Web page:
Some parents simply get caught in the moment. Or, in some cases, we see a manifestation of parents living vicariously through their child,” says Prabhakar. “Public display of outcry related to a child’s play may not set a good example for how to effectively handle adversity or negative outcomes in life.” When a parent’s problematic conduct is directed at other children, families or coaching staff, “a child may learn that bullying works, a lesson that we shouldn’t be imparting,” he warns.
Children Pay the Penalty
“I think parents struggle because of the amount of time, money and energy that goes into sports these days,” says Boarman. “Don’t try to keep up with the Joneses. You don’t have to go to every camp, lesson, team tryout or showcase. Those businesses prey on fear.” He’s seen many players affected by their parents’ unruly sideline behavior. “Performance of athletes decreases when their parent acts as coach from the stands, screaming about what to do or where to go. When mixed with messages from the coaching staff, it creates a timid player.”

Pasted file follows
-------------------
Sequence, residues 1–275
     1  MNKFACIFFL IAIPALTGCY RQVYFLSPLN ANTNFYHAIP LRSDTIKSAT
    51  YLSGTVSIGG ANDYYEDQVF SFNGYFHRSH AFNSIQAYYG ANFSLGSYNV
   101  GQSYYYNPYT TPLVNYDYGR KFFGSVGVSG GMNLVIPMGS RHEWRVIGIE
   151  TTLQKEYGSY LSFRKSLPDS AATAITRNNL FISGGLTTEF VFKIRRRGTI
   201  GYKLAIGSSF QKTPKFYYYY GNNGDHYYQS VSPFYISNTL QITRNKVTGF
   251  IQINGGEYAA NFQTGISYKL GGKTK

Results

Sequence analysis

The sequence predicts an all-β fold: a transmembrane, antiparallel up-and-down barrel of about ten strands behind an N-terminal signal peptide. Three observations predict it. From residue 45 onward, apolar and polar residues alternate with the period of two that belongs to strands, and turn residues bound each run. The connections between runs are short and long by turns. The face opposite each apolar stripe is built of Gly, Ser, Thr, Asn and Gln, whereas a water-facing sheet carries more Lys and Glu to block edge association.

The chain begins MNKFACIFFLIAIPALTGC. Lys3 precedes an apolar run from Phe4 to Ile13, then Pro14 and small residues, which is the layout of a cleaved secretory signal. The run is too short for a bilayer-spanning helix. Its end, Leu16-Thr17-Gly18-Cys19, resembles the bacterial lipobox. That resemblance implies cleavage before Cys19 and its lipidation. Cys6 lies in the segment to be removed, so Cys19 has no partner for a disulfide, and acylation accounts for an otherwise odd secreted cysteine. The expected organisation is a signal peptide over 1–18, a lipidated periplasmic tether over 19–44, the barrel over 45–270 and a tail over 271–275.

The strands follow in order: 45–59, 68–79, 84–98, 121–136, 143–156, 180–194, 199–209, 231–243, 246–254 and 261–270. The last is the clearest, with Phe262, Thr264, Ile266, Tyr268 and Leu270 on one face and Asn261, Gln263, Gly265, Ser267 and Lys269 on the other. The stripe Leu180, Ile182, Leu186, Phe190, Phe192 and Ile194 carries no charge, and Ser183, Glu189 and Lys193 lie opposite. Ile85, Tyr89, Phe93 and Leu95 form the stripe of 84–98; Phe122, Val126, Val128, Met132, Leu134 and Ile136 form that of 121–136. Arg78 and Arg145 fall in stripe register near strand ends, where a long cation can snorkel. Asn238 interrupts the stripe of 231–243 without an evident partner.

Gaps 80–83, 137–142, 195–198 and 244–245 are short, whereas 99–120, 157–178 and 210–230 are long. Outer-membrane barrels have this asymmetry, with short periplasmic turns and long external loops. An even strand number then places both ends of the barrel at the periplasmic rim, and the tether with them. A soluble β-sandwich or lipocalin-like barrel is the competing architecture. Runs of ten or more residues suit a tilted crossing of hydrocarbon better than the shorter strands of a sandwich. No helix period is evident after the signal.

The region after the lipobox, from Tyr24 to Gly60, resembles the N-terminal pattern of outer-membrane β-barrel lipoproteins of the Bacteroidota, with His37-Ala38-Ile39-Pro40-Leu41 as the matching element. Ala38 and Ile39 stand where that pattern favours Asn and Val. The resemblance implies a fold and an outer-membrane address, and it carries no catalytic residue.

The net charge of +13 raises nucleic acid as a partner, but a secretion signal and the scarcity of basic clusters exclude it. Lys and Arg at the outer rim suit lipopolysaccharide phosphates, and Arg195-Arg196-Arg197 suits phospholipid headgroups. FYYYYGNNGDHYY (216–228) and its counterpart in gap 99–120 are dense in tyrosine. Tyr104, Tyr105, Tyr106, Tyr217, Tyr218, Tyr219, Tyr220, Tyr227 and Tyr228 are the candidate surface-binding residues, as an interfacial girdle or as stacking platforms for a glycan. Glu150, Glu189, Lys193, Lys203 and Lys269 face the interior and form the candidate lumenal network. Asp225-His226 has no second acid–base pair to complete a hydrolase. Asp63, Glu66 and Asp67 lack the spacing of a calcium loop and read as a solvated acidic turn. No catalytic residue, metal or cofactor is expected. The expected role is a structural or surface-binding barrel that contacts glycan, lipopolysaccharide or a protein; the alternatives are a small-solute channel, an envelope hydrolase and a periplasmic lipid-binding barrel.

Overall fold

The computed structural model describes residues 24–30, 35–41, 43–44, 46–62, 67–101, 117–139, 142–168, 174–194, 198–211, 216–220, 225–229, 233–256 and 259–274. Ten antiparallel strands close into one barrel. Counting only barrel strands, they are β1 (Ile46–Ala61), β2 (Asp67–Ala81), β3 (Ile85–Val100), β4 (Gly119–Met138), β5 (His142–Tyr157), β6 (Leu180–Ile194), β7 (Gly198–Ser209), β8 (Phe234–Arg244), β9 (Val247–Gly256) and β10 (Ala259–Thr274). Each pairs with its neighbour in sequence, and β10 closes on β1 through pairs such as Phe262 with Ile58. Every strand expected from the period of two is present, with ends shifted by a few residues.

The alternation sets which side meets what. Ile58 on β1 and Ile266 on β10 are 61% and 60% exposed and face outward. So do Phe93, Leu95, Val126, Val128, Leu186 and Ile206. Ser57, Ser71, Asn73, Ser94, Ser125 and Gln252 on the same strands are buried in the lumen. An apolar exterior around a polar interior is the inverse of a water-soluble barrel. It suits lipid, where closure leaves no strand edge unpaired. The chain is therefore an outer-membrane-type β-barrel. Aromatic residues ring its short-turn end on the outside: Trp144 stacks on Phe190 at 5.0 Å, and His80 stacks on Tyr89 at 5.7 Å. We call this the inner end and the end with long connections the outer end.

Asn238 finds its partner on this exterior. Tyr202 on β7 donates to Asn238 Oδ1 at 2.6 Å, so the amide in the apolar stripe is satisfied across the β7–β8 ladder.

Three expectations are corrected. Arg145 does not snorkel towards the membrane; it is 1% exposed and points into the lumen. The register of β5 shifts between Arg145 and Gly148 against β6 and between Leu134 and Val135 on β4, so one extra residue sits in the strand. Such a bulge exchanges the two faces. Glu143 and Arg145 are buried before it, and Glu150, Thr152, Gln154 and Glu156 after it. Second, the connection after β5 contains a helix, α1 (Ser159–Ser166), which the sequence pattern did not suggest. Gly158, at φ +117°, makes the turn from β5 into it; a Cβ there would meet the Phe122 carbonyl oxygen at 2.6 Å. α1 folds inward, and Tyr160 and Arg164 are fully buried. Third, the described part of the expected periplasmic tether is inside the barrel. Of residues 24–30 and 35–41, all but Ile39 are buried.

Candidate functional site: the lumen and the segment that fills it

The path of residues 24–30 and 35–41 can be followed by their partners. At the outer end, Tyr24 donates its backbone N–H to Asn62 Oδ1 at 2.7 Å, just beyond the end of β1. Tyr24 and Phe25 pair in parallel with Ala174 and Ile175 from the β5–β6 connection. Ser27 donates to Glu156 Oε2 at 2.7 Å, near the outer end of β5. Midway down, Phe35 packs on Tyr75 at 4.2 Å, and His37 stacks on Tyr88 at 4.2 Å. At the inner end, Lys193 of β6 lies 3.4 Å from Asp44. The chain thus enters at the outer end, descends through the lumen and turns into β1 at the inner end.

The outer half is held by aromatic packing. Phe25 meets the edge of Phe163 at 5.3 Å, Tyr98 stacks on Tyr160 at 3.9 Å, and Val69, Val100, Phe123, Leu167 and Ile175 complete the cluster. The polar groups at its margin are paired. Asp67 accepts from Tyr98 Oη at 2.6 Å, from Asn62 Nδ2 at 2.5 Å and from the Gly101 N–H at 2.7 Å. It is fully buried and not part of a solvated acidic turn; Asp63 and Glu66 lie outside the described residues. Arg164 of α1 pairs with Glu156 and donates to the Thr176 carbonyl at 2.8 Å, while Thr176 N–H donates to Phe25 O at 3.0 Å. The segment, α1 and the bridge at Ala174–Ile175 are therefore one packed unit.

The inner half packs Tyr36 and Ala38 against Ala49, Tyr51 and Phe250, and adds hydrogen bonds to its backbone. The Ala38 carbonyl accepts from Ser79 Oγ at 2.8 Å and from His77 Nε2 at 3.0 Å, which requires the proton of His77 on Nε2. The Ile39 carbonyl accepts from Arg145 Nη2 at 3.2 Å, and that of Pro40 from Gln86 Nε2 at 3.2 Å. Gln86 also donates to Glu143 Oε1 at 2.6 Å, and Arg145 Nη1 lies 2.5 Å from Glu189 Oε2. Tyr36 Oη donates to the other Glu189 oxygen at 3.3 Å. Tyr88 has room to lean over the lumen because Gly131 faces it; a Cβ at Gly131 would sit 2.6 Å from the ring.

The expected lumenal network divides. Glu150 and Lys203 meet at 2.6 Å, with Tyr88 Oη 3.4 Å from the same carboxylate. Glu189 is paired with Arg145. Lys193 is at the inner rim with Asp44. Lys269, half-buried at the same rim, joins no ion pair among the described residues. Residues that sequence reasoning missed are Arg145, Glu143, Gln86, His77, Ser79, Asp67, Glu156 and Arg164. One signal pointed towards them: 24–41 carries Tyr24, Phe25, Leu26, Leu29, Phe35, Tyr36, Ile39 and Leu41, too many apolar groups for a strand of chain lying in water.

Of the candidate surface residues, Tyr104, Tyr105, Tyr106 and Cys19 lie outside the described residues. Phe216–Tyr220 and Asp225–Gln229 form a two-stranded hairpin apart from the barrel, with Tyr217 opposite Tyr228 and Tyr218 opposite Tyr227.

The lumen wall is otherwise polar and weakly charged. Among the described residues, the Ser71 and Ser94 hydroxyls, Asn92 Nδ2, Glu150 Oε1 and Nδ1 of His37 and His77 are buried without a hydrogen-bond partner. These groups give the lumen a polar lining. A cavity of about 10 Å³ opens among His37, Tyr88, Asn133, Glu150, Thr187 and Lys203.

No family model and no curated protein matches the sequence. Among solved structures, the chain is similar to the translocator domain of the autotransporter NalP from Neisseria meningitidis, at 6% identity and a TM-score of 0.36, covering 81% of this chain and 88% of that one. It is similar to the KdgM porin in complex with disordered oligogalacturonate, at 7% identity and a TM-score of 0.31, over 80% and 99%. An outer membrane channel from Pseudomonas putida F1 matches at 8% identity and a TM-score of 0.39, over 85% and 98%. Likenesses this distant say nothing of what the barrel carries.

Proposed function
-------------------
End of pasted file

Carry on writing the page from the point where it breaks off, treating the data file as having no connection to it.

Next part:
“Children don’t want to listen to their parents yelling from the stands to go after the ball, tell them what they’re doing wrong or hear them berating officials for a call,” says Bach. “What they want is to have fun playing a game.” Agitated parents become a distraction to everyone.
Coaches should establish boundaries from the start. “It should be discussed prior to the season and revisited often,” says Boarman.
“When concerning behaviors are observed, coaching staff should approach this subject with sensitivity and maintain the privacy of the concerned parent(s),” advises Prabhakar. “They should discuss the valuable tenets that fall outside of a win and loss column. They should acknowledge that during a competitive event, it can be difficult to control emotions. However, bullying or disrespectful behavior is not acceptable.”
“Coaches must live up to these expectations as well, whether it’s a big win or difficult loss,” adds Bach. “During post-game talks, coaches should recognize players that really stood out with good sportsmanship as a way to reinforce how much they value being a good sport.”
Bach suggests that parents channel energy into the following helpful outlets: